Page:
Spain is a country that offers incredible sightseeing – world-class cities, great museums, fabulous architecture, history, culture, beaches and more. So what about its food?
We found Spain a fairly challenging destination – not because of the food – which was fine, though seldom outstanding, but rather because of the cultural difference when it comes to mealtimes.
You see, people sit down to eat in Spain late, really late. Lunch seldom begins earlier than 2pm, and so tourists looking for a restaurant serving lunch at midday are most likely to find “tourist’ restaurants open – which are most likely to serve mediocre food at high prices. Authentic Spanish restaurants, where the Spanish themselves eat, won’t be ready for their lunch business so early.
Same with dinner – which can be expected to start around 9pm and continue long into the night.
For singles, or couples without kids, this is completely fine, but for parents with kids, one needs to either plan well, or get used to the fact that the meals that you are going to eat are just not going to be so great, as you’ll undoubtedly be missing out on the best Spanish restaurants.
When I took my kids we stayed in an apartment in Barcelona – this gave us our own cooking facilities which were extremely useful – we weren’t tied to anyone elses eating hours. Out of the big cities, we often stayed in small villages or in rural accommodations with little or nonexistent nightlife, and as a result we found food was much easier to obtain at times that suited us.
Spain is a great place for kids – people are friendly, and even sights that one wouldn’t immediately think would be interesting to kids turn out to fascinate them. Think of the Gaudi buildings in Barcelona- they are so weird and unusual that kids find them fascinating, and the Guggenheim in Bilbao turned out be super kid friendly – well it should, with a massive flower bedecked statue of a dog outside.
As for food, we found that it was good but not great. We struggled to find a memorable paella, and the sweet dishes and pastries were only ok. The best food we had by far was at a small “Pazo” – a rural castle – in Galicia in North-West Spain. Galicia is studded with the most incredible accommodations, typically noble houses and estates that have been in the same family for centuries, and we really hit the jackpot at Pazo de Souto, an incredible manor house somewhere on the way to La Coruna. It was amazing for the kids – it even had its own maze in the huge estate gardens. The food we had there was simply outstanding – wonderful “rape” (monkfish) and incredible steak. I would probably go all the way back to Spain just to eat there again.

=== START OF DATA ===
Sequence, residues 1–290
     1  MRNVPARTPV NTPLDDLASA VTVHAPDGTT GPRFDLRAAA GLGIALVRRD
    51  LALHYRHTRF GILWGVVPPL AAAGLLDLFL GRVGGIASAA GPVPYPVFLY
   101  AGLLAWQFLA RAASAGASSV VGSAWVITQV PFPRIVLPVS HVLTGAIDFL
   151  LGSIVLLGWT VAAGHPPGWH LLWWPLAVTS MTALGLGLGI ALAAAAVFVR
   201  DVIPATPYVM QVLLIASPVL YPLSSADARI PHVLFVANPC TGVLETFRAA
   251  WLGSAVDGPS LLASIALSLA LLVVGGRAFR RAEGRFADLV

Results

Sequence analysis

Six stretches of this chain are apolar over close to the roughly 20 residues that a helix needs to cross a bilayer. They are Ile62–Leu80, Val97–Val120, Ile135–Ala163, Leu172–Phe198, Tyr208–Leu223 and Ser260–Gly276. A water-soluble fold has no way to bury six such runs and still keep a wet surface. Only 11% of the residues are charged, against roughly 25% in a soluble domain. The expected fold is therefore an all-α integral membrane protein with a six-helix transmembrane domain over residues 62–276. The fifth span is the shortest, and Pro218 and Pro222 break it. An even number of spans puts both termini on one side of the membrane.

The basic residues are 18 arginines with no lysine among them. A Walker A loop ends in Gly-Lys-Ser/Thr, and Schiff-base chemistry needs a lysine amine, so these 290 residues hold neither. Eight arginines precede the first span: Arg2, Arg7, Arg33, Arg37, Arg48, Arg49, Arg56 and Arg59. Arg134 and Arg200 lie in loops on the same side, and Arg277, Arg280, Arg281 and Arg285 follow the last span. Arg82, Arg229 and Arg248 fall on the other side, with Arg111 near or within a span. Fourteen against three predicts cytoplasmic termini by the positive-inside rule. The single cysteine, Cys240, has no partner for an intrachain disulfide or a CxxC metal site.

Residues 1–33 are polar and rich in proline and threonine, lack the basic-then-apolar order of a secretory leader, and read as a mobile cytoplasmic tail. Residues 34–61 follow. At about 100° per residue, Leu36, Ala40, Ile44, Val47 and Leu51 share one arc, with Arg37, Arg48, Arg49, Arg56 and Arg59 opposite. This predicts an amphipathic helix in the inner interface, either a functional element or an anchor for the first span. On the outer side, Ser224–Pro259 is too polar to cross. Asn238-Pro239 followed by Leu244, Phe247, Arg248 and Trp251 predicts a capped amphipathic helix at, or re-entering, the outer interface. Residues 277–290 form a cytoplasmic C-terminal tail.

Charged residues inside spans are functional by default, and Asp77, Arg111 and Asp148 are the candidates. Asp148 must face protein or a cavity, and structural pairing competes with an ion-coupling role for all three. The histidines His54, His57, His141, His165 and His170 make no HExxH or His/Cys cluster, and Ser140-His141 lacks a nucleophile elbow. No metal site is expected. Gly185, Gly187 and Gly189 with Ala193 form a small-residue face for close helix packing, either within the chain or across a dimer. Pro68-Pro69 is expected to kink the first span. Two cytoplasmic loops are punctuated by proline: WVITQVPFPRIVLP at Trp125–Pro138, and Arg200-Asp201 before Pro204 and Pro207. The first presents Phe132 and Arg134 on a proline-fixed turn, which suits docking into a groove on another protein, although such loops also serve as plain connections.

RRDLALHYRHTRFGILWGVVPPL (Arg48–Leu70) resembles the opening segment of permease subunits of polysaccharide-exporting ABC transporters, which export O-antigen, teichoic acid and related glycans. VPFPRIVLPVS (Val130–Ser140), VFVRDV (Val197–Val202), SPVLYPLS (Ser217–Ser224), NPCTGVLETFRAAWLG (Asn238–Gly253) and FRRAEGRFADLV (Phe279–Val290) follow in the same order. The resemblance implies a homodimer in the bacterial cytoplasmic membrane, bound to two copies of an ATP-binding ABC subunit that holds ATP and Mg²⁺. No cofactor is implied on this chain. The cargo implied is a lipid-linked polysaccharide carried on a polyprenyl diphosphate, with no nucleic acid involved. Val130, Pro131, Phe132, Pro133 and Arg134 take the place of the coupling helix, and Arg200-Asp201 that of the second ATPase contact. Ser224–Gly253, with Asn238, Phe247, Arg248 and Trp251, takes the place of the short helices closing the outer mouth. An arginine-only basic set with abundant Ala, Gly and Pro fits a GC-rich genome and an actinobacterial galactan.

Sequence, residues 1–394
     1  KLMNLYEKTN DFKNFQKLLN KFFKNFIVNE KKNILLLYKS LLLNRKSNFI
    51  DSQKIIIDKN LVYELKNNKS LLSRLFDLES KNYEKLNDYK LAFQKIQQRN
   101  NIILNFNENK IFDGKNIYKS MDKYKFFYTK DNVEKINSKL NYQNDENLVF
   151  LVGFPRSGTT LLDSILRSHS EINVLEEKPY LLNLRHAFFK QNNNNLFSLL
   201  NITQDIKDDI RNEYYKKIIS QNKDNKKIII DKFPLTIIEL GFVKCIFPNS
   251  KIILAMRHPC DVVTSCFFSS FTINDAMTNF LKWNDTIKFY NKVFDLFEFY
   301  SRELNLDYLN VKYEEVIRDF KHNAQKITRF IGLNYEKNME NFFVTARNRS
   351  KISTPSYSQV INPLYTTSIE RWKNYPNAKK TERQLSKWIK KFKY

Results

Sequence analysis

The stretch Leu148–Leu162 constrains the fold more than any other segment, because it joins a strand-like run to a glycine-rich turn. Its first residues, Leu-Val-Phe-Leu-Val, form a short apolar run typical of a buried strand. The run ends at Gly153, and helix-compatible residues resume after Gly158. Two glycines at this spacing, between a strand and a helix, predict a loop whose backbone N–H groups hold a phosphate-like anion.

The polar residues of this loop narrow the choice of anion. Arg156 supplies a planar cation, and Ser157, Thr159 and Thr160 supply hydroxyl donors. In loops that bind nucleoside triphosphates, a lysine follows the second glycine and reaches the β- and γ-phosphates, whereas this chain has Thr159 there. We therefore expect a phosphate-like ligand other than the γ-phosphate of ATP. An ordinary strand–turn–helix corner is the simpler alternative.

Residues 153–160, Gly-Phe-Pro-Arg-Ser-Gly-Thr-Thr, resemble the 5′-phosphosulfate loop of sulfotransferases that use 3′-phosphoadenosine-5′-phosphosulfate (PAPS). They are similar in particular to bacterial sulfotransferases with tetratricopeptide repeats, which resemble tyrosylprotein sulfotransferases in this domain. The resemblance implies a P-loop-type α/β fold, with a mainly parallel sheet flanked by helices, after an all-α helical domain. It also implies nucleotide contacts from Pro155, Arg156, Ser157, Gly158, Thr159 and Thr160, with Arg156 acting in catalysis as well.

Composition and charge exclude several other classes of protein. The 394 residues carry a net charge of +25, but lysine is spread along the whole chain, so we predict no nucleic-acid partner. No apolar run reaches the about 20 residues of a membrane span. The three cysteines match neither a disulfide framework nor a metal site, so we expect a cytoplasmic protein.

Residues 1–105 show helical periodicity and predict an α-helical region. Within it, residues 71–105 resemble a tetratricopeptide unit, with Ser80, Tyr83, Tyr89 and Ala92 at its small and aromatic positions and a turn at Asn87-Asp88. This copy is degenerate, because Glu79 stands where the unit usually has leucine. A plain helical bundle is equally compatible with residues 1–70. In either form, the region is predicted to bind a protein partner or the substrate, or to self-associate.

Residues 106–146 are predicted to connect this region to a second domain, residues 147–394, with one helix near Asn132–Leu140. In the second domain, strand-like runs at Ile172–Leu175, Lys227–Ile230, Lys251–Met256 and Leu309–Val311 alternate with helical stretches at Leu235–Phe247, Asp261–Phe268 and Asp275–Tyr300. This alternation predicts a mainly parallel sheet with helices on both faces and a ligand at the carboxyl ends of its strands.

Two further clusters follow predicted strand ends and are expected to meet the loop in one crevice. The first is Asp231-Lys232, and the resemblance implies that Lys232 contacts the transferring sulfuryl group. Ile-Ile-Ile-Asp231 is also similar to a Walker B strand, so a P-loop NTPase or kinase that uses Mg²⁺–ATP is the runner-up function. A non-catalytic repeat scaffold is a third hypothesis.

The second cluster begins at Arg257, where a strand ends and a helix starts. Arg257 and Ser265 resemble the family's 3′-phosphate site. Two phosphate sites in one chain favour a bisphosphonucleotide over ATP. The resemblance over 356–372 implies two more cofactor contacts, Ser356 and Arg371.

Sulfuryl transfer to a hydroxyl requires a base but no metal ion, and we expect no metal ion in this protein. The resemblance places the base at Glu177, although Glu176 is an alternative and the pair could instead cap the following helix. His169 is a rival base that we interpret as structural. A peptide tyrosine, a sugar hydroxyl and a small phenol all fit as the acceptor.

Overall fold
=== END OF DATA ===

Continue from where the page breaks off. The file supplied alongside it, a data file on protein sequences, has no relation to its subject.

I guess the one problem with our food experience in Spain is that we are not pork eaters – and if there is one product that Spain prides itself on it is its ham. Throughout our journey, we would see huge hams hanging from the ceilings in restaurants and specialty food stores, and I have no doubt that Spanish ham is outstanding – perhaps the best in the world for all I know. But we didn’t try it.
So, if you’re thinking of taking the kids to Spain go by all means – they’ll love it and so will you. But perhaps don’t expect to be blown away by the food, at least not in the main tourist areas. As soon as you get off the beaten path though, the chances are high that you’ll hit some fantastic places to eat. And make sure you have snacks on hand for the kids – chances are neither you nor they are going to get used to the Spanish eating times while you’re there.
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